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How We Select our Beef Animals

March 29, 2013

by: Tom Barthel, Snake River Farm

Dear Customers

This is another in a series of letters I am writing to you in explanation of questions you frequently ask.

We sell most of our beef and bison by the ¼ for processing into cuts.

We also sell a few beef animals and at least one bison each year by the 1/10th for ground meat.

In this letter I will explain how I select those animals. I will also answer some related questions we frequently get from customers.

The cattle we sell by the ¼ are all beef type heifers, between 18 and 22 months of age.

Most of these animals were born on other farms.

I buy them in the spring as heavy calves or yearlings.

A yearling is an animal between 12 and 24 months of age. In this case, when I buy them they are just over 12 months old.

A farmer can choose many different business segments.

Farmers who have a herd of cows to produce calves for sale, have a “cow-calf” operation.

If you drive through north central Minnesota or the Dakotas you will see large pastures with cows and calves together.

Those farmers are cow-calf farmers (or ranchers).

Normally those farmers sell their calves to farmers like me. We then “finish” the animals for meat production.

To “finish” means to grow the animal until it is ready for harvest.

If while driving through the country you see pens of larger cattle,  with feed bunks and no green grass, those cattle are in a conventional feedlot.

Feedlots  can be enormous with many thousands of animals crowded together. They have nothing to do except eat. Mostly corn.

The great majority of beef animals are finished on corn in feedlots.

When you buy meat in a store or a restaurant, if it is not labeled “grass fed and grass finished,” it was finished in a feed lot.

Many labels on foods read “natural.” Natural on a label means almost nothing.

We feed all of our beef and bison grass or grass hay only.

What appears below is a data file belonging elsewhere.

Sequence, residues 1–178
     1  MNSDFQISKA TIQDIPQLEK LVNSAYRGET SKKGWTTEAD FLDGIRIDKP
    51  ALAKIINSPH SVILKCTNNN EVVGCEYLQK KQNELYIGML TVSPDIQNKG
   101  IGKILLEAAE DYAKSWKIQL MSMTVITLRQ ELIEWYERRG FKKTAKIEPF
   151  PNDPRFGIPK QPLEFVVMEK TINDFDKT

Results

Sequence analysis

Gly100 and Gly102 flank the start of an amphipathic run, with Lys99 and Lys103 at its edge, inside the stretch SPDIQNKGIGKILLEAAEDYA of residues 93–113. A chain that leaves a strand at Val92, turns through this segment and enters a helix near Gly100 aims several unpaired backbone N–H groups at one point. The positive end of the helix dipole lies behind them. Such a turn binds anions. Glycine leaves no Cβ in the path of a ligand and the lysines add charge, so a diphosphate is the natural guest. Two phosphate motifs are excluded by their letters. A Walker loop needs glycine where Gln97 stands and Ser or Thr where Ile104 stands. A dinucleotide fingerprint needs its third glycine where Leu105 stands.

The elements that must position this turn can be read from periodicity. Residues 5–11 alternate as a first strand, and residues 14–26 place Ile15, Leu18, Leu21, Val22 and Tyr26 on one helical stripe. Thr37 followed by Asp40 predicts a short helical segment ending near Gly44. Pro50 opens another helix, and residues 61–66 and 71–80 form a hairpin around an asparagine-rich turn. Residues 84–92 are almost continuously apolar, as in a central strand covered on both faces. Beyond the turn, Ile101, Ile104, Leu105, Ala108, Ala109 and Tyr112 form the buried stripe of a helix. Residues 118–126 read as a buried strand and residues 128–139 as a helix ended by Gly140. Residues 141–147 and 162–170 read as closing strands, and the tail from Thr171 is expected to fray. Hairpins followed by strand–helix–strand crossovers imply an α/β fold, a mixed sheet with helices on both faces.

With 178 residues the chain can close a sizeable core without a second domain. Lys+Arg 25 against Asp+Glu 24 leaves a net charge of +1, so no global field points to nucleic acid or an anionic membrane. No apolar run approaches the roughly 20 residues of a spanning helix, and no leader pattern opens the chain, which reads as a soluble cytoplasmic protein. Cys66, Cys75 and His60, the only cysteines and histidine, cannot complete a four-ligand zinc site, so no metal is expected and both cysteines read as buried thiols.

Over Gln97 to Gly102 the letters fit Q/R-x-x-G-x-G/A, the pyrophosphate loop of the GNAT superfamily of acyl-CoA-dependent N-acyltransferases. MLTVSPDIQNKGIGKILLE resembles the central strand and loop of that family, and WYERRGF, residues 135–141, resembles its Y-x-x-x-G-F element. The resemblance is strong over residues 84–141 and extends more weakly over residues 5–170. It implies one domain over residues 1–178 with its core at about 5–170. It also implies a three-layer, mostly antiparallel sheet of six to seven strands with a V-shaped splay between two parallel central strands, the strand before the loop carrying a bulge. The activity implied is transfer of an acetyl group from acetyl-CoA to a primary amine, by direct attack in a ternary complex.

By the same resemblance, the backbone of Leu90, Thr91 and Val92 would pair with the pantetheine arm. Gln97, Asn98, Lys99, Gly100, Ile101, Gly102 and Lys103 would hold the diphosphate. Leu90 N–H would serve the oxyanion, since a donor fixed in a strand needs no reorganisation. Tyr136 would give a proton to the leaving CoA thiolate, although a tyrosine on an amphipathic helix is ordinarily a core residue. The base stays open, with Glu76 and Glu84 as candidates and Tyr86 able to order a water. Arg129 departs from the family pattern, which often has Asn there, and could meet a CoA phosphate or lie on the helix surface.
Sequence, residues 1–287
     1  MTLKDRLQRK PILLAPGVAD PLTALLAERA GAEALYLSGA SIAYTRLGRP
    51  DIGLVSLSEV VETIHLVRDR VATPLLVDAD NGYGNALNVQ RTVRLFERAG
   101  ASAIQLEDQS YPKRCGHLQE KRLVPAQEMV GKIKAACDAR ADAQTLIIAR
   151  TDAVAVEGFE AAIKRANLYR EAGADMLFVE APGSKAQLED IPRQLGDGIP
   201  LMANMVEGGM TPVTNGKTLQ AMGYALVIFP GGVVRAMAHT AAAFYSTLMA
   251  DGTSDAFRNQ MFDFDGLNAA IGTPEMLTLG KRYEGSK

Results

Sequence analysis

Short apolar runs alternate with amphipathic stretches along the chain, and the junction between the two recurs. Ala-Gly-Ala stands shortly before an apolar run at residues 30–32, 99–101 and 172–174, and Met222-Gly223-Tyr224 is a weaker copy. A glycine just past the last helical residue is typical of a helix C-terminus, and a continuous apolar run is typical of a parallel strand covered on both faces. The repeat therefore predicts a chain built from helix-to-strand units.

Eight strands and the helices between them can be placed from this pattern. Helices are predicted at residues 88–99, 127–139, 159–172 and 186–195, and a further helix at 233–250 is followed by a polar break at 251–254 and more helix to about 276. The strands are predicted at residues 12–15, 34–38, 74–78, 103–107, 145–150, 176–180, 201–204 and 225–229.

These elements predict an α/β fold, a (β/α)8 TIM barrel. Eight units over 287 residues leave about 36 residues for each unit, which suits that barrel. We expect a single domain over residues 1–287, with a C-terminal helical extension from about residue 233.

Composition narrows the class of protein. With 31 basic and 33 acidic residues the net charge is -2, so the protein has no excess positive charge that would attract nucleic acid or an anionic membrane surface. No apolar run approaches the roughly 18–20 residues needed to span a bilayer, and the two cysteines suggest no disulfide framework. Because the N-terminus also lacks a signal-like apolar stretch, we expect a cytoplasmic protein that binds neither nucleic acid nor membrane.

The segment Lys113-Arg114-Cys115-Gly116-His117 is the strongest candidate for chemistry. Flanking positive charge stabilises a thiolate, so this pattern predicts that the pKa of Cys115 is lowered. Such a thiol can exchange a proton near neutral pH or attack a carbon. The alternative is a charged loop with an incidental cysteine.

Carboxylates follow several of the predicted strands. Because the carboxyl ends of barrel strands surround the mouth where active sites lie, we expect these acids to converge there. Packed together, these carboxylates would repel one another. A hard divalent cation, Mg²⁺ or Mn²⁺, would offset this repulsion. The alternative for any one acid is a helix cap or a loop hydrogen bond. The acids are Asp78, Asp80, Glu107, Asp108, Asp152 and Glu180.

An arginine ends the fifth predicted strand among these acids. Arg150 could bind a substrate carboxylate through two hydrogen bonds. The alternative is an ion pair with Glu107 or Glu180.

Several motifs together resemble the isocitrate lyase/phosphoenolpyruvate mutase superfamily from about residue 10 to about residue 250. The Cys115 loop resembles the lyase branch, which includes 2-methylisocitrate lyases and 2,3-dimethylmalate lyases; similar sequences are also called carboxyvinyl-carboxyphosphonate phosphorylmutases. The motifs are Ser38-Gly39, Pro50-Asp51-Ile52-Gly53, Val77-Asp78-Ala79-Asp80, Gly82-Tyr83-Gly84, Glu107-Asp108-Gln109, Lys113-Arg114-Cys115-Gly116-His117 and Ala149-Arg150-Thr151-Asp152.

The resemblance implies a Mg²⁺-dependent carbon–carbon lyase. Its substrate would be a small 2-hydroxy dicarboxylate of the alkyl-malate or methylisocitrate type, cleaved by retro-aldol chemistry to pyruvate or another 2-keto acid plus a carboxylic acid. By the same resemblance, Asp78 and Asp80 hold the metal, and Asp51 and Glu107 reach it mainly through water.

Some farmers, a minority, have cows and also finish their own calves.

I have done that in the past.

We keep only a few beef cows so we can devote our pastures to finishing animals.

If most of the animals we sell were also born on our farm we could only finish and sell about 1/3 of the number we do now.

I personally select each beef calf that we raise and finish.

Our animals are produced by small cow-calf farmers in central Minnesota and western Wisconsin.

Animals I select were grass or grass hay only. They have not been given hormones or other unnecessary medications.

We do in fact have a herd of bison cows.

And one bull, Bill.

Subsequently most of the bison we sell spend all of their lives on our farm.

These are just business choices we have made.

Prospective customers frequently ask what breed of beef animal we sell.

The answer is that most are of hybrids of British breeds.

I will explain that further below.

Cattle breeds in the US are generally identified as either beef or dairy types.

There is a third classification designated dual purpose. Dual purpose animals fit best on very small farms. They are not rare but not numerous either.

Almost all of the cattle breeds found in the northern US originated in Europe.

A  majority of those breeds are from England and Scotland.

Dairy animals have been selectively bred to produce a lot of milk. Much more than nature requires for a calf.

As you would expect, dairy animals do not produce as much meat as beef breeds.

Bull calves from dairy breeds are normally made into steers and then raised for “dairy beef.”

Dairy beef is OK. Their meat is relatively lean. However, these animals are not bred to gain weight on grass. They are virtually always raised on a heavy grain diet.

Beef animals on the other hand, have been selectively bred for centuries to produce excellent quality meat on  grass diets.

The large black and white animals you see along the road are probably Holsteins. Holsteins are a dairy breed.  In recent decades Holsteins have been intensely selected for extraordinarily high milk production.

In order to produce huge quantities of milk the Holstein cow is confined and fed an extreme high energy diet.

The normal life span of cattle is around fifteen years. The average life of an intensely used Holstein cow is five years. They break down orthopedically and otherwise.

Not all dairies treat their animals this way, but most do. That was not what I intended to write about. Pardon the digression.

I was raised on a dairy farm in Otsego. My father and later my brother raised Jersey dairy cows. Jerseys are the beautiful petite cows that are frequently seen in movies depicting a small or rustic farm.